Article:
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Bob McGrath, longtime star of 'Sesame Street,' has died at 90

<em>Sesame Street</em>'s Bob McGrath waves to the crowd while riding on a float during the 2009 Macy's Thanksgiving Day parade in New York City. The longtime, original cast member of the iconic children's show died on Sunday.
Michael Loccisano
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Getty Images
Sesame Street's Bob McGrath waves to the crowd while riding on a float during the 2009 Macy's Thanksgiving Day parade in New York City. The longtime, original cast member of the iconic children's show died on Sunday.

Bob McGrath, an actor and recording artist who was an original cast member on Sesame Street, died on Sunday. He was 90.

McGrath died of complications from a stroke, his daughter Cat McGrath confirmed to NPR.

The actor's death was announced by family members on social media: "He died peacefully at home, surrounded by his family," read the post on McGrath's Facebook page.

McGrath, one of Sesame Street's first human cast members who starred in the children's television show 1969 pilot, became a show regular for nearly five decades, playing the friendly neighbor character Bob Johnson, alongside Big Bird and a host of other beloved Muppets.

Sesame Workshop shared a statement on social media mourning "a beloved member of the Sesame Street family for over 50 years."

"Bob embodied the melodies of Sesame Street like no one else, and his performances brought joy and wonder to generations of children around the world, whether teaching them the ABCs, the people in their neighborhood, or the simple joy of feeling music in their hearts," the Workshop said on Twitter.

Born in Ottawa, Ill., McGrath studied music at the University of Michigan and, later, the Manhattan School of Music. McGrath was a veteran performer by the time Sesame Street recruited him. In 1962, NBC brought on the tenor singer to perform as part of Mitch Miller's family-friendly ensemble TV show, Sing Along With Mitch. After the show was canceled two years later, McGrath continued to sing with the group, holding down a residency at Las Vegas' Desert Inn. He took his talents on tour in Japan, where he found a fervent teenage fanbase, according to the biography page on his website.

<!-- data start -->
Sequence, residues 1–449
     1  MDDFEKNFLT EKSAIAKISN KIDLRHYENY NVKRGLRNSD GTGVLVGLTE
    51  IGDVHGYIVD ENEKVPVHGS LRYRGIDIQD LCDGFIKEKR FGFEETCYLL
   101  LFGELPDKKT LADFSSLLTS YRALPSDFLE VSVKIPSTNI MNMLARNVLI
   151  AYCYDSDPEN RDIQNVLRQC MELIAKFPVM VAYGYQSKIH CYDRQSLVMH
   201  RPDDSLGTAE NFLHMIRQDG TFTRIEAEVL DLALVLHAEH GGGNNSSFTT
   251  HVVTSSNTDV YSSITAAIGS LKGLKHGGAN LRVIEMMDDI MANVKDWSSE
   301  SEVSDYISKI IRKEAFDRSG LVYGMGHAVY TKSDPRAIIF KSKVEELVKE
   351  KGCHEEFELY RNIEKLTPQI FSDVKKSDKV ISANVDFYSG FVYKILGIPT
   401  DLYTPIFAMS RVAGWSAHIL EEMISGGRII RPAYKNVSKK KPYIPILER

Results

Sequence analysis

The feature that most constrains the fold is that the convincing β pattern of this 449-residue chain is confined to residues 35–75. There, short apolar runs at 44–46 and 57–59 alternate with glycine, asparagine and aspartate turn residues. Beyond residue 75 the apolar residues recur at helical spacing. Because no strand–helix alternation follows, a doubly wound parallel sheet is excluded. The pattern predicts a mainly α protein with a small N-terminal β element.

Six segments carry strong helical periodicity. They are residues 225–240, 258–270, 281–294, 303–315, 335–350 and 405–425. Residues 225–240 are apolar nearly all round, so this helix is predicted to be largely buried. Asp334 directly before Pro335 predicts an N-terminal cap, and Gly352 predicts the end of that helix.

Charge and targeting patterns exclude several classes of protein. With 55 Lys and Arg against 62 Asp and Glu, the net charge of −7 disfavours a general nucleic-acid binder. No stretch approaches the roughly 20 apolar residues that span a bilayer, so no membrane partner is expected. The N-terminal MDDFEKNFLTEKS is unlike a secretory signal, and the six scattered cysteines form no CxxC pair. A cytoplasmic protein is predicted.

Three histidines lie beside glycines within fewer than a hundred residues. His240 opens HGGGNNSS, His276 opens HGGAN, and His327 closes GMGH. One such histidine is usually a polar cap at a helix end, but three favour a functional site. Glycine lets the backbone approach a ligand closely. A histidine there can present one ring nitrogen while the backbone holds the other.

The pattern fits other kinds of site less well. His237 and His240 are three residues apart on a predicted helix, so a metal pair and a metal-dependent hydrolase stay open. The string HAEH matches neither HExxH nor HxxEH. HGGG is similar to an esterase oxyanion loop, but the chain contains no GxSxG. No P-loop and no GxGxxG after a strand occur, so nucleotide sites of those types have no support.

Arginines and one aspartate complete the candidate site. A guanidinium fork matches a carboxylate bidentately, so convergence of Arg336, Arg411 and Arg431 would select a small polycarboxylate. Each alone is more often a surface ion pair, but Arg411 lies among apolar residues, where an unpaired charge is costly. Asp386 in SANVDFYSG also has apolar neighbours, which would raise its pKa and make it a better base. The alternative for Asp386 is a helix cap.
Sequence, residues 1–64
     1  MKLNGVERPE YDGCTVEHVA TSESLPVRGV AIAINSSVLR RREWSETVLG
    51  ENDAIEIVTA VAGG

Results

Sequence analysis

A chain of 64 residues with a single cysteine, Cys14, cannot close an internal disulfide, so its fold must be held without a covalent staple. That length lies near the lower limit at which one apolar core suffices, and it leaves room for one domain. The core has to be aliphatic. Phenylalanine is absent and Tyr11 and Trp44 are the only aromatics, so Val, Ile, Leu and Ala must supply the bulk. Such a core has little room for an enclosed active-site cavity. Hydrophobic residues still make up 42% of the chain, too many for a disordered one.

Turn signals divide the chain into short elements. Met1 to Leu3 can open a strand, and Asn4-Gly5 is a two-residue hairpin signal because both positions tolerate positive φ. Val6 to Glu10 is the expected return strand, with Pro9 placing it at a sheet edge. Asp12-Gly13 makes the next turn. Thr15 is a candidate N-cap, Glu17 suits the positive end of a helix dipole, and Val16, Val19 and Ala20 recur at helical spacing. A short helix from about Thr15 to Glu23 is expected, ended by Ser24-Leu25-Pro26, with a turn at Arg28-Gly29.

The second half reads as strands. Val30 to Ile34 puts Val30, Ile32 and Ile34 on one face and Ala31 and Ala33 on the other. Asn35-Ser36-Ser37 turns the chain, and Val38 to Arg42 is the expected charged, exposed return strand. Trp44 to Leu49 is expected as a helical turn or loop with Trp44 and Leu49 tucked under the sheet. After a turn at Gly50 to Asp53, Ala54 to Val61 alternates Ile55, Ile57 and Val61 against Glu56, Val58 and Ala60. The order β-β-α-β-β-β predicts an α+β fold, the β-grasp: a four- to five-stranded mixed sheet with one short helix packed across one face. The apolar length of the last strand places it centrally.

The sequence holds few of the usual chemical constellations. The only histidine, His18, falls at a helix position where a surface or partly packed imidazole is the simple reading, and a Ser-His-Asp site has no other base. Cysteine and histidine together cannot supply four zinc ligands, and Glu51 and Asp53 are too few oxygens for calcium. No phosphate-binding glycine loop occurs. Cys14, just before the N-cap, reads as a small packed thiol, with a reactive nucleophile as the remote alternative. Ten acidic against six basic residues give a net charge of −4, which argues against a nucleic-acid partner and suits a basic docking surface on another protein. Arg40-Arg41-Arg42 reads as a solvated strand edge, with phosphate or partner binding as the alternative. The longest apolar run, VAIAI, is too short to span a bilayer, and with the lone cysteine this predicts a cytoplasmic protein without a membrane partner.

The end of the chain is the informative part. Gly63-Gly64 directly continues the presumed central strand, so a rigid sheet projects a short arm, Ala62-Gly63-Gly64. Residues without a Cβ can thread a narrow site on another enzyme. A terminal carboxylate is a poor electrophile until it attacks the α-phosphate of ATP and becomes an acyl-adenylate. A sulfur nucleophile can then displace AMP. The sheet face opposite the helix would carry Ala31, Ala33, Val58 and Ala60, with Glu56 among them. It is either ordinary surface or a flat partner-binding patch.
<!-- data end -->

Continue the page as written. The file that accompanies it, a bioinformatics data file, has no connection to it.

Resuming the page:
It was Dave Connell, a fellow University of Michigan alum who worked as a producer for Captain Kangaroo before executive producing Sesame Street, who approached McGrath about auditioning for the kids show.

McGrath, who hoped instead to break into the U.S. teenage market with his own show, according to his site, had no interest in working on a children's program at first.

But after he was shown tapes of Muppets creator Jim Henson's work, he told a crowd at a 2016 convention in Florida, he was "totally blown away."

"I thought, to heck with that teenage thing, this is what I want to do," he said. "Because it was obvious from the very, very beginning this was going to be a very unique and incredible show."

In 2017, Sesame Workshop cut McGrath and two other longtime cast members from the show, deciding not to renew their contracts. In response to the cast shakeup, the Workshop had pointed to its need to constantly adapt its content to children's educational needs.

Although McGrath ended his run on the show that year, he continued to make public appearances tied to Sesame Street, including his feature in the 2021 HBO documentary Street Gang: How We Got to Sesame Street.

McGrath, a father to five children and a grandfather to eight, is survived by his wife Ann Sperry.

Copyright 2022 NPR. To see more, visit https://www.npr.org.

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